John J. Bauters, a formerly unhoused person, a current City Council member, and former mayor of the City of Emeryville, has a different definition of hostile architecture. In several Californian cities like San Francisco and Emeryville, bus shelters have been built that have individual seats with armrests in between instead of full benches. He says that housing advocates have previously informed him that these bus shelters are hostile because they do not allow for the unhoused or older adults to lie down on them.

“Bus shelters were never meant to be beds,” stated Bauters.

Bauters said that creating benches and bus shelter seats with armrests allows for older adults to get up and get on the bus easier than if there were no armrests at all. To him and others who work in city planning, something as simple as an armrest can help many residents move and carry on with their day. To advocates of the unhoused, they are symbols of isolation as they force the unhoused to look elsewhere for a place to sleep.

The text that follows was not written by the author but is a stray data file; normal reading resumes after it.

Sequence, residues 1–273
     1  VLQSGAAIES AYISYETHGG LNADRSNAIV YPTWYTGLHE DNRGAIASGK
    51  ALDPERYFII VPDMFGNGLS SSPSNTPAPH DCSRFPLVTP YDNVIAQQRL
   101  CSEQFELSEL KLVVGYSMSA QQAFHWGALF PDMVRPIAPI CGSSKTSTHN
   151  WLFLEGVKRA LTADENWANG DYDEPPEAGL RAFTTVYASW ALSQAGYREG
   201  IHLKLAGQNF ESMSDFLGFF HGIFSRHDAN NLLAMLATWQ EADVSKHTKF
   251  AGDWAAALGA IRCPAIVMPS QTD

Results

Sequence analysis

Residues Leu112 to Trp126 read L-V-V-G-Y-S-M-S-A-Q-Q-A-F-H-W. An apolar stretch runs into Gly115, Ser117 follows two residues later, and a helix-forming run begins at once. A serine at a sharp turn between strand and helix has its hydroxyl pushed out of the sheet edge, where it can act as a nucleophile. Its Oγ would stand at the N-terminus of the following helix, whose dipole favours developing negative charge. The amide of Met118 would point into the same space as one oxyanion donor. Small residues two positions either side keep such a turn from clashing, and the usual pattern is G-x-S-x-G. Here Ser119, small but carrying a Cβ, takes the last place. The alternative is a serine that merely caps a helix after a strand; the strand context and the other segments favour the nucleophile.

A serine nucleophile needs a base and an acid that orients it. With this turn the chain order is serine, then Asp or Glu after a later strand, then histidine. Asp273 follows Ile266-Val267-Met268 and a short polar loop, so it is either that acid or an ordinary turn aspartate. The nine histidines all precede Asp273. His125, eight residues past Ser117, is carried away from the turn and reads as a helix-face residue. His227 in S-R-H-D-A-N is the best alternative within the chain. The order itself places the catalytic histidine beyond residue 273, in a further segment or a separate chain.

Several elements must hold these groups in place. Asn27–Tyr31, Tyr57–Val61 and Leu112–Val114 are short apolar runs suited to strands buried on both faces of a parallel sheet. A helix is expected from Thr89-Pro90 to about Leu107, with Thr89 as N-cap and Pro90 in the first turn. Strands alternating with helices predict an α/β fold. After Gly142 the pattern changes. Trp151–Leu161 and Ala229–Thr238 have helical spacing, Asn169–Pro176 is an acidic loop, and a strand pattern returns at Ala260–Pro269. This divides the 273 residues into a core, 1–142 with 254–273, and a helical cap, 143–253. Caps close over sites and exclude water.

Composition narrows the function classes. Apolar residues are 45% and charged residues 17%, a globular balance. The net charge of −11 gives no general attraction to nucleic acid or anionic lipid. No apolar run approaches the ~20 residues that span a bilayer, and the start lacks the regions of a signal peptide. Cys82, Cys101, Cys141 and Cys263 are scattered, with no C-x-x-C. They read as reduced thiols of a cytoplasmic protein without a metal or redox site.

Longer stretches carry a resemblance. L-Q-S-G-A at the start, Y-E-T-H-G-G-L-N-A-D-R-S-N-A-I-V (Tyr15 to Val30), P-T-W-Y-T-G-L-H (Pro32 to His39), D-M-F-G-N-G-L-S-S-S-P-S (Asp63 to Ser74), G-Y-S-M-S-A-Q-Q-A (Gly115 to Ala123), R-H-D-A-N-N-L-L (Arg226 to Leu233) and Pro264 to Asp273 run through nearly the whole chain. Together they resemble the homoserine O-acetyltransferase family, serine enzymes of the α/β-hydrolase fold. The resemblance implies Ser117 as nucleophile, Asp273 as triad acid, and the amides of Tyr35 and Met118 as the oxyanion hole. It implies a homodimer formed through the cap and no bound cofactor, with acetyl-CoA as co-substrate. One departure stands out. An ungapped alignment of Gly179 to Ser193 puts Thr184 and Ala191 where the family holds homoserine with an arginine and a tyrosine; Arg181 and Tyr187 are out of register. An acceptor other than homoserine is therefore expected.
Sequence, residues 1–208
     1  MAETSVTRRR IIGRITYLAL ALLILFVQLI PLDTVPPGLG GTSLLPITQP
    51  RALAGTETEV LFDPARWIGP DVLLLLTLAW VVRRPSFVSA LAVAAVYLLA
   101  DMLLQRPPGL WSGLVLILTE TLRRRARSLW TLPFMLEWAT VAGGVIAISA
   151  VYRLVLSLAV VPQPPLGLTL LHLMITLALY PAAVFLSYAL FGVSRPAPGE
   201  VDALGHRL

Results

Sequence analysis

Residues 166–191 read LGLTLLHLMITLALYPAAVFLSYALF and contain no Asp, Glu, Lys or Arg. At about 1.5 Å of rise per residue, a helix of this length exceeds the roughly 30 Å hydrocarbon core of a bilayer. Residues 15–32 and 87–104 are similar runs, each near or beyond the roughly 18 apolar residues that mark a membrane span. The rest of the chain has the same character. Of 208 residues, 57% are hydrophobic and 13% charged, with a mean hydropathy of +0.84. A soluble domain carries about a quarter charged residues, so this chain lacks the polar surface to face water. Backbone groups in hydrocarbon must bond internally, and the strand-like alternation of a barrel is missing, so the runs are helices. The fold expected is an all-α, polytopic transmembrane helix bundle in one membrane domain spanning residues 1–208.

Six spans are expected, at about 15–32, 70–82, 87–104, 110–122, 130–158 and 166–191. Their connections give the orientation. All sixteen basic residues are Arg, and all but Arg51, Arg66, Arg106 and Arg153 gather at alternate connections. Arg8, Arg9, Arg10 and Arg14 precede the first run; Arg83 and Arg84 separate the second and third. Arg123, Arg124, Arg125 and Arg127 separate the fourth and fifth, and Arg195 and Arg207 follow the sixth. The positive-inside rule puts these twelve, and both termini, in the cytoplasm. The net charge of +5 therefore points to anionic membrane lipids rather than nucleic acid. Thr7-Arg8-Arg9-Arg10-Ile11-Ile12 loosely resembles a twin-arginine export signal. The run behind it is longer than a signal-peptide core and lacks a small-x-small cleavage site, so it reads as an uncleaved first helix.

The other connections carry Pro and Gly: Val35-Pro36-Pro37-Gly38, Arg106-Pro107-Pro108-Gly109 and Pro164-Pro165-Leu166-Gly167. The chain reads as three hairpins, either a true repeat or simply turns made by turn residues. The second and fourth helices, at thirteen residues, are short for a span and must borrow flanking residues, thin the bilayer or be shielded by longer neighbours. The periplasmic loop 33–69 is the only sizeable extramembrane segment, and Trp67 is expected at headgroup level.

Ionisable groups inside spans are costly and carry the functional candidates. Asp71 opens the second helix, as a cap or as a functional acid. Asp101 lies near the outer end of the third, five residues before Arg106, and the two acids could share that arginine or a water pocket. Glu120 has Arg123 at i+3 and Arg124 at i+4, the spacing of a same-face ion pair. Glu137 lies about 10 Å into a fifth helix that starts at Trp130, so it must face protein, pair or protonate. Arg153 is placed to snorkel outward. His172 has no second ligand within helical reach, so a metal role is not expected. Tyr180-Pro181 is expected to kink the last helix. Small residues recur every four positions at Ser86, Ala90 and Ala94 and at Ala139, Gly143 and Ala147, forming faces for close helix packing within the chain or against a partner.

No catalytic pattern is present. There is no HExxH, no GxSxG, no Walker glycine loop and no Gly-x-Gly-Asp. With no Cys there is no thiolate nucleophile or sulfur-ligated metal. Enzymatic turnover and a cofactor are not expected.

Toccarra Nicole Thomas, director of Land Use and Development at Smart Growth America, a nonprofit with the goal of creating livable and walkable cities and towns for all communities, believes that hostile architecture is an under-discussed, but commonly used method of social control.

“We create our environments to keep out people we deem as undesirable ... we have decided as a society that we are comfortable with punishing others and punishing ourselves in the process,” Thomas said.